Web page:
The mentor teacher should continually use the social skills intervention strategy. It will increase the young childrens adaptive ability and reduce their problems. For example, the use of prompts and praises is associated with improved outcomes. The use of non-verbal language is encouraged. It can involve clapping and giving gifts to children with good and improved behaviors. Social skills dramatically reduce aggressiveness in kids at a high risk of behavioral disorder (Bos & Vaughn, 2002).
Preschool teachers should recognize the importance of consistent improvements of the recommended strategies. The effectiveness of systemic behavioral support strategies makes children healthy.
Incentives and positive behavioral support are in place to cater for students with disabilities. Direct and indirect assessments are used in interviews to identify behavioral functions. Semi-structured interviews allow for a thorough description of behavior in relation to situations that predict and maintain it. Indirect methods should not substitute direct observation (Saracho, 1997).
Information about a student with a disability is collected from parents, other students, education personnel, and the community. It concerns the students progress and needs. It should supplement data collected from other sources based on the specific assessment of the ability to communicate, symptoms of anxiety, and adaptive skills of the disabled students.
The teacher-parent data assist in collecting quality information about a student, namely parents concerns and changes in sleep patterns. Determining the availability of resources from the community is necessary to aid in behavioral development. For better understanding of the students needs, it is important to emphasize frequent and quality interactions among key holders.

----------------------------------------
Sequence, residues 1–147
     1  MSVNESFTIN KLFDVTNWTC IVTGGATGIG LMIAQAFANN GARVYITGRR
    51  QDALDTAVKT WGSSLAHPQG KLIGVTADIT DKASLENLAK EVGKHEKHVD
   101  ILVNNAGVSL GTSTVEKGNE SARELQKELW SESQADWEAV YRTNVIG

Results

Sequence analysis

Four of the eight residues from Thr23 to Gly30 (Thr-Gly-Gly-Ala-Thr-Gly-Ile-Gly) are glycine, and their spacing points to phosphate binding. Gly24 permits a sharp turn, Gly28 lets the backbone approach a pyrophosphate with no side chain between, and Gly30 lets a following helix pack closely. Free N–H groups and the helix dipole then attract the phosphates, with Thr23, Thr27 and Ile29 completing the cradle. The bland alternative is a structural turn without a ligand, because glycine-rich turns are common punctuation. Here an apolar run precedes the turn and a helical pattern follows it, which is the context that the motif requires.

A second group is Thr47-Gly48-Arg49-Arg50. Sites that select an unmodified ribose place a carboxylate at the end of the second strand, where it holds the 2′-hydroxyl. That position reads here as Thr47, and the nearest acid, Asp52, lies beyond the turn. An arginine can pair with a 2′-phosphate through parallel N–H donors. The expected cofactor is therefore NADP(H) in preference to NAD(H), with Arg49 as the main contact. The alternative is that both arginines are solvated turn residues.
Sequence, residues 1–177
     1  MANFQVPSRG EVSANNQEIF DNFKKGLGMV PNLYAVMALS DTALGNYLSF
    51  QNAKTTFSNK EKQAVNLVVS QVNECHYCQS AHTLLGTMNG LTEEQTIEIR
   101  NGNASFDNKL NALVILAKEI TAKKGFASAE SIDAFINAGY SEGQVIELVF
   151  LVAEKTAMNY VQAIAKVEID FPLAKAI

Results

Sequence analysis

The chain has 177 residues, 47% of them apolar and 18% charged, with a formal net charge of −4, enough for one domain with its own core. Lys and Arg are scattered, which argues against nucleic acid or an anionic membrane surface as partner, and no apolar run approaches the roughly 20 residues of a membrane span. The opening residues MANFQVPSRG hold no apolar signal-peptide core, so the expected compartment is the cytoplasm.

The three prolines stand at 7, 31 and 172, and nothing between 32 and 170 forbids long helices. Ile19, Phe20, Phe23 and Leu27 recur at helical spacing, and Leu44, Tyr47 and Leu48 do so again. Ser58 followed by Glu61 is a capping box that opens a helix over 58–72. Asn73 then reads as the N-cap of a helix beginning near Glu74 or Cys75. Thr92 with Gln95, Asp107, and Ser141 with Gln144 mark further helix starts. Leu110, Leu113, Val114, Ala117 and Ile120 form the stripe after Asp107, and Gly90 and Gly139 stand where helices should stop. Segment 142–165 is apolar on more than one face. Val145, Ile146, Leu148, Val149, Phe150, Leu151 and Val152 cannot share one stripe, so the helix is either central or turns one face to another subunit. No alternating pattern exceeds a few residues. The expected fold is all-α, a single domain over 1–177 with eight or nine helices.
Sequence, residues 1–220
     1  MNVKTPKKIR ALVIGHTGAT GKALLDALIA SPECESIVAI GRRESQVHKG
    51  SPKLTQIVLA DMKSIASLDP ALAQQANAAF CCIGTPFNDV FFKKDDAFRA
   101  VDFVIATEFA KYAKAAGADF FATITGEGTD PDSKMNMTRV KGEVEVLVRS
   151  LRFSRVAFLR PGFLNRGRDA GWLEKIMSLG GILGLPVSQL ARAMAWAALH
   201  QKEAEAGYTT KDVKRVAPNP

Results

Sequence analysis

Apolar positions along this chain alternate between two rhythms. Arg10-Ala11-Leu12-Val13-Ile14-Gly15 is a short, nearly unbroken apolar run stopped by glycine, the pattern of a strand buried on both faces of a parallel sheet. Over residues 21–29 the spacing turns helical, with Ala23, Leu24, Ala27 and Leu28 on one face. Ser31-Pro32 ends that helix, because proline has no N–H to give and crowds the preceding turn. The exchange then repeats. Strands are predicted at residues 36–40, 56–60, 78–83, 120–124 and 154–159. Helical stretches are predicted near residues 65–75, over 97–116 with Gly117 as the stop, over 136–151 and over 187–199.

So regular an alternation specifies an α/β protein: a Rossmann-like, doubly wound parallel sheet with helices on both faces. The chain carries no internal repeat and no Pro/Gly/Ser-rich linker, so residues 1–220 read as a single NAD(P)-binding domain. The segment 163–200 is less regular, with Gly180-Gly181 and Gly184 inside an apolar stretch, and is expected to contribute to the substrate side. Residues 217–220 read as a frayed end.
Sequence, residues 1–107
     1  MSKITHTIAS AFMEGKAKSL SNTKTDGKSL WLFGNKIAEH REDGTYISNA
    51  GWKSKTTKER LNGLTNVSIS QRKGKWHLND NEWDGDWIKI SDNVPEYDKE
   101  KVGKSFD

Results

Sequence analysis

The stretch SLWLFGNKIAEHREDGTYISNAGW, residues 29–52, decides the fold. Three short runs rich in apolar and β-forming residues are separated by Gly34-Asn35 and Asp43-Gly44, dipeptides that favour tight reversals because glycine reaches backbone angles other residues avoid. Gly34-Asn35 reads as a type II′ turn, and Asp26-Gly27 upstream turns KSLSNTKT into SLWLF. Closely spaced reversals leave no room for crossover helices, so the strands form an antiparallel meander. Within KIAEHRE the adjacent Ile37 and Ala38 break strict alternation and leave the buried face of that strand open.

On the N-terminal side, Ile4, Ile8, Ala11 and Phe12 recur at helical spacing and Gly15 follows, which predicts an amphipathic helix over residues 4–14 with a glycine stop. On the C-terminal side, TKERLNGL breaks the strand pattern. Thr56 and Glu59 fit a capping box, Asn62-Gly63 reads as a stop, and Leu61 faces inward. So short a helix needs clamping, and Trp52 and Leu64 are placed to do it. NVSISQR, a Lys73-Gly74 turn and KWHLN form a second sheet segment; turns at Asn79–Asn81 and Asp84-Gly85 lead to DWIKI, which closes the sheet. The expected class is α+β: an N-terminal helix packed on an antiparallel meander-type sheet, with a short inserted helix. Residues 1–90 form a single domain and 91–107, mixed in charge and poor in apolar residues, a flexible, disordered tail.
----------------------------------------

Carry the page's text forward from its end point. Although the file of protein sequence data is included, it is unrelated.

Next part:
Education and program planning is also important in the assessment of disabled students. The main aim is to gather data on how their needs will align with the instructional context. The profile of these groups of students is summarized to describe their learning characteristics. It guides in selecting and modifying curricula in terms of instructional and behavioral support. U
nderstanding each students unique learning characteristics is necessary for the general design of the classroom. It should not only follow the instructional content, but also help the needy students. In essence, it must ensure their participation in the learning process and produce quality outcomes.
School representatives and support programs should drive, monitor, and implement strategies. These will make it possible to define students specific challenges and characters, such as the presence of intellectual disabilities and language impairments. Research based practice and data collections will help to make decisions that support them.
The cognitive assessment is useful in identifying how individuals react to different situations. It includes habitual strategies that distinguish the individual style of perception, remembering, and thinking over problem solving. This strategy goes beyond the normal learning process. It involves ways to deal with different changes in behaviors (Stormont & Lewis, 2007). It gives suggestions and phenomenal explanations to teachers in handling responses from classrooms and the social behavior of children. It is an instructional approach that is used to handle classroom organization.
The instructional and behavioral support strategies should be developed and implemented to cater for the needs of all students. It should handle the behavior of students at different developmental stages. It is crucial to incorporate physical and mental challenges in the learning process regardless of the students gender and culture. Eventually, learning institutions will be able to have economically viable students.